HomeLatest ThreadsGreatest ThreadsForums & GroupsMy SubscriptionsMy Posts
DU Home » Latest Threads » Forums & Groups » Topics » Entertainment » Classic Films (Group) » TCM Schedule for Thursday...

Thu Oct 11, 2018, 01:29 AM

TCM Schedule for Thursday, October 11, 2018 -- What's On Tonight: TCM Spotlight - Funny Ladies

In the evening hours, TCM is continuing their month-long salute to Funny Ladies. From the TCM website:

TCM SPOTLIGHT: FUNNY LADIES - THURSDAYS IN OCTOBER

"People either have comedy or they don't; you can't teach it to them," Lucille Ball famously said. Lucy, of course, had it in spades - just like the other Funny Ladies in our roundup of great comic female actresses. Each Thursday in October, TCM presents a lineup of rib-tickling films featuring many of the cinema's most gifted comediennes.

This Spotlight is hosted by actress/filmmaker Illeana Douglas, a TCM regular who has presented other programming related to accomplishments by women in film; and comedy legend Carol Burnett, a special favorite of television, stage and film audiences for decades.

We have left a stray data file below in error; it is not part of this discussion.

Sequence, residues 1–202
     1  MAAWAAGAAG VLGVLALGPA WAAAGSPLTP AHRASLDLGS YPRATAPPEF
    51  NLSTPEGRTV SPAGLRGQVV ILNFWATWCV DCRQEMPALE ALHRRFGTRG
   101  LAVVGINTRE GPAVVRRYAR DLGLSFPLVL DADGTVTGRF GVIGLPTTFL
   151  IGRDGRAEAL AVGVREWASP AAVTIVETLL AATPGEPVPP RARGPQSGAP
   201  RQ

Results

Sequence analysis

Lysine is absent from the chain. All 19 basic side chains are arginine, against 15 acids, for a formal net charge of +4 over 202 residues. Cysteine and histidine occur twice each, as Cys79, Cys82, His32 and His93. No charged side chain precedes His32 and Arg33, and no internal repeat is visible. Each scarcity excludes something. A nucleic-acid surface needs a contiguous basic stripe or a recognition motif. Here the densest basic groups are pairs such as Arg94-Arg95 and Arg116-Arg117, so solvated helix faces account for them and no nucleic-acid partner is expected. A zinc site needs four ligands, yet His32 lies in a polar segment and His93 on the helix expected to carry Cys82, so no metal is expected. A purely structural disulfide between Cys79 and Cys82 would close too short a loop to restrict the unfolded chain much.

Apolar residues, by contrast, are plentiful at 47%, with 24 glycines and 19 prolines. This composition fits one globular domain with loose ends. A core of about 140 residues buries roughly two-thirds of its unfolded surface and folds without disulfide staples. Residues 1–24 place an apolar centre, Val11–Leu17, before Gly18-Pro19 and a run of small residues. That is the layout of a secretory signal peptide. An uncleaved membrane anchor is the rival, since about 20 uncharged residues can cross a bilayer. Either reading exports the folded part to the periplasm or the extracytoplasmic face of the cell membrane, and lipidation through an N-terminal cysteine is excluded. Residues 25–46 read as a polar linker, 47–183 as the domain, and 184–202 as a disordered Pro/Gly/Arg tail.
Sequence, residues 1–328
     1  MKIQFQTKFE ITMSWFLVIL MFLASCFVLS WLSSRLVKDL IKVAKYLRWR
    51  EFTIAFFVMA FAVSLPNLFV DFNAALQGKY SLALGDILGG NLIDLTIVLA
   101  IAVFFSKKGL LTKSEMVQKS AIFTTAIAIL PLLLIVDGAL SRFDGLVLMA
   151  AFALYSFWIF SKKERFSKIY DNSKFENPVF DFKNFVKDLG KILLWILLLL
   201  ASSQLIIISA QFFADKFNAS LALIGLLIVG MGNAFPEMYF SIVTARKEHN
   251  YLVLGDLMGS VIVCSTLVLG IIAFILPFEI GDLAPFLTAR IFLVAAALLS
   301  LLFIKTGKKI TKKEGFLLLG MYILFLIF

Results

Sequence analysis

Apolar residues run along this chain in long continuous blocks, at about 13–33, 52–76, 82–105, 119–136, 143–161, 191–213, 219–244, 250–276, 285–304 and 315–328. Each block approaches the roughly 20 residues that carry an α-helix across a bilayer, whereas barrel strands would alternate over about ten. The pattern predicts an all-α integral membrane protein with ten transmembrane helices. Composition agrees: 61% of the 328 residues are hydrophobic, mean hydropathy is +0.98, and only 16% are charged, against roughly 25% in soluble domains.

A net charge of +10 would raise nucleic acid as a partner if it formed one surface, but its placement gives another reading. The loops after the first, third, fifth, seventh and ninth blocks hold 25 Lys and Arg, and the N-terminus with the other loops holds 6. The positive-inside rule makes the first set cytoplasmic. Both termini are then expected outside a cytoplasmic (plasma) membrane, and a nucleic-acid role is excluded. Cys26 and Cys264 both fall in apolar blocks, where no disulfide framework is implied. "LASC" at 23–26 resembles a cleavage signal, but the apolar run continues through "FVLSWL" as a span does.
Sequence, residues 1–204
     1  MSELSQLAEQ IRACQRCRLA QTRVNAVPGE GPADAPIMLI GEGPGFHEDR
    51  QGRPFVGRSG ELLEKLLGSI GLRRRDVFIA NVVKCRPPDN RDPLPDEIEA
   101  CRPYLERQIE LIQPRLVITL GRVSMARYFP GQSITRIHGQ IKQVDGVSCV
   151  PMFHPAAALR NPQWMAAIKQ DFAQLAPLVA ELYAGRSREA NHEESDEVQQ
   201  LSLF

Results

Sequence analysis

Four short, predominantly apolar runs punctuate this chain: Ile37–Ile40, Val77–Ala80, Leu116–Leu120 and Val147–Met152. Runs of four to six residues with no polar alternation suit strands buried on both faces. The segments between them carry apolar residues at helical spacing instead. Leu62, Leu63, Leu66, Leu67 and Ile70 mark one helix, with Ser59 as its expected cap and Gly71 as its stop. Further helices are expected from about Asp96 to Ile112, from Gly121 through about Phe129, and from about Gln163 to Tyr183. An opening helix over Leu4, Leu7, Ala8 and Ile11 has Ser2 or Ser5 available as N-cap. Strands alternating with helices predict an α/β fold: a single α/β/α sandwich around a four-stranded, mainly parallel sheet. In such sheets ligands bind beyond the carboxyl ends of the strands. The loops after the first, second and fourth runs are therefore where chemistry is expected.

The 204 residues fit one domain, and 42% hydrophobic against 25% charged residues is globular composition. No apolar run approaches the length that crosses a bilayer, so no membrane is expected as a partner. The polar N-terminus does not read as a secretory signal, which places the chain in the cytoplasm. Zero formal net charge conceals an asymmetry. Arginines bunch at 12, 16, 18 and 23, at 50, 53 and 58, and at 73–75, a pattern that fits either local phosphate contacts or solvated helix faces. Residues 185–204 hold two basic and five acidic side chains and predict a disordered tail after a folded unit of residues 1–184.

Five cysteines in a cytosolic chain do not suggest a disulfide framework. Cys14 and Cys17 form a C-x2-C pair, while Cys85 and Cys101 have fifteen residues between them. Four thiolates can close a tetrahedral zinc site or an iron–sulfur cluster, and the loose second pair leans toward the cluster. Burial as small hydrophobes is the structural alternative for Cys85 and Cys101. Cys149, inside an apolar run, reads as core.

Our salute is broken down by eras:

The 1950s saw sparkling work from some of our brightest female talents, with Judy Holliday proving that a sterling performance in comedy can beat out more dramatic competition in the Oscar race. By repeating her stage performance as Billie Dawn in Born Yesterday (1950), Holliday was named Best Actress in competition with such heavyweights as Bette Davis and Gloria Swanson. Jean Hagen won a nomination in the Supporting category for her hilarious bit as a screechy-voiced silent film star in Singin' in the Rain (1952), while Doris Day was nominated as Best Actress for displaying a sleek, sexy (and funny) new persona in the romantic comedy Pillow Talk (1959). The imposing movie careers of television comedy favorites Lucille Ball and Eve Arden are represented, respectively, by Forever, Darling and Our Miss Brooks (both 1956).


Enjoy!




6:08 AM -- GANG BOY (1954)
In this short film, a police officer tries to prevent a gang war by bringing the rival groups together over dinner.
Dir: Arthur Swerdloff
Cast: Curly Riviera,
C-27 mins,

Like many films produced and directed by Sid Davis, this one was recorded silently. The sound was recorded later and synched to fit the picture; in many cases editor Arthur Swerdloff cut to another shot to allow him to re-sync the audio and the video.


6:45 AM -- A CRY IN THE NIGHT (1956)
A police captain's emotions get in the way when his daughter is kidnapped.
Dir: Frank Tuttle